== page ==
Richard Atkins goes in search of a serious competition gun for under a grand and discovers the Lanber Sporting Deluxe is a very competent Sporter
With current economic conditions seeing some big name brands introduce ‘economy’ models to keep brand-flags flying, we thought we would check what among the well-established brands with a proven track record was still available new for under £1,000. Choice is not huge but an obvious and very suitable candidate for clay shooters is the latest Lanber.
The Sporting Deluxe is a competent package. It begins well by really looking the part having surprisingly good wood with excellent fit and finish, especially for its price class: it’s nicely engraved with a new, light floral scroll on the receiver side bolsters as well as underneath and on the trigger guard; it’s not overdone and sets off the silver-grey plasma nitride hardened finish well to endorse its quality look.
However, it’s the handling that really sets it apart from some guns of its type where excess weight, particularly in the barrels, can produce a weight distribution and balance that result in a less than lively feeling gun. Newcomers may not readily realise this initially and it’s possible for an unwieldy gun to hinder their progress, the handling not helping when they need it most, as when learning how to mount the gun, pick up the target and swing through the target’s line.
The review gun balanced 16mm ahead of the hinge pins despite its 30” barrels. That’s about ideal for most shooters; not so forward heavy as to be ponderous or so far back that the muzzles become too lively and difficult to control. These attributes, combined with sensible stock dimensions that place the patterns a shade above the sight line (about 60/40% for me) should suit most average build newcomers very well.
The receiver with bolstered walls (similar to modern Beretta actions) and neatly scalloped fences, is strong and looks modern and attractive whilst having the weight to keep balance between the hands and soak up recoil.
The stock length is a shade on the short side for some but not markedly so, and the butt pad fixing screws are sufficiently long that up to half an inch of packing could easily be added, if required.
The stock is comfortable and the Schnabel forend has a long section of consistent profile allowing the easy adoption of handhold position to suit the shooter and the target (for example; hold closer to the receiver for fast overhead shots and farther out for long, low crossers etc). The pistol grip has a fairly open radius while the grip itself is quite slim and allowed this reviewer’s thumb and first finger to easily overlap: those with large hands may prefer to pad the grip area out a little.
The top rib, though slightly narrower and lighter than on the earlier version, is of true competition style being 10mm wide with cross filed sides and a super-clear narrow ‘runway’ up the centre with machined longitudinal lines. Combined with the bright but not too large LPA fibre-optic front bead it’s as good a set up as found on some expensive guns.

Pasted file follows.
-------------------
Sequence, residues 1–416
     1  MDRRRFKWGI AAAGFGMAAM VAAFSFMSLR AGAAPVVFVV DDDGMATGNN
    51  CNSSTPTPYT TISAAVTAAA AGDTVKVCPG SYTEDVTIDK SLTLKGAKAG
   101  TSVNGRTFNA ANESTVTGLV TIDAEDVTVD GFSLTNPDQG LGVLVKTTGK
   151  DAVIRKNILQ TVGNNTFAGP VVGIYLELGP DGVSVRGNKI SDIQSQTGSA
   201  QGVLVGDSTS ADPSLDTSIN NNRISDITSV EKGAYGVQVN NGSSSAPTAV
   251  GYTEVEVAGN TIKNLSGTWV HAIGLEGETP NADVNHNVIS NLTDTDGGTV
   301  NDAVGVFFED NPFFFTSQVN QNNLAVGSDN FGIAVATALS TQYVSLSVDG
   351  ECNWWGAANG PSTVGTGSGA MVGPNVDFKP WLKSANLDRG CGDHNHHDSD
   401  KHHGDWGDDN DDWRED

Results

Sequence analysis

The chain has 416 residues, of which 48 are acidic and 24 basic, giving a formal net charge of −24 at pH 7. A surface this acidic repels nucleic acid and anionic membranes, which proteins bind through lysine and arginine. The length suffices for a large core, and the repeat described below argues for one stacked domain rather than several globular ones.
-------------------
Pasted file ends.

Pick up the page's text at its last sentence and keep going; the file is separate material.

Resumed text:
One important area where less expensive guns can also fall down is in the trigger pulls and I have to be fair here and point out that the pulls on the review gun left a bit to be desired. They are better than similar guns of a few years ago but are still a shade heavy with fairly long release and were not quite as well matched as they might be. Such refinements cost gunsmithing time and hence money and for the price they aren’t that bad; I’d recommend spending a few extra pounds having a gunsmith breathe on them at some stage – don’t expect them to match those of a Beretta O/U though.
I managed two brief outings with the Lanber and on a 50-bird club morning shot a tidy 40ex-50 with a 10 straight on the first stand and 9ex-10 on the last; I found the handling characteristics match that of some more expensive guns and well worth having the pulls fettled.
The choke tubes fit internally and are quite tight, so require the use of the choke key for removal and insertion; extended types are faster to swap and may be available as an after-market option.
I know shooters with Lanber O/Us, one has two and never felt the need to spend more to enjoy his clay shooting; that’s a good endorsement, especially as it’s his choice not to buy a more expensive option. Sure, if moving on to more serious competition is your desire then the choice of specialised and refined clay target shotguns is better now than it’s ever been; but if the Lanber does what you want of it, why spend more? The most significant thing is in providing an entry-level gun able to give newcomers a fine start without being put off by expense, also retaining a decent second-hand value when trading up: that’s an extremely important role and this new Sporter-Lux is capable of fulfilling it rather well.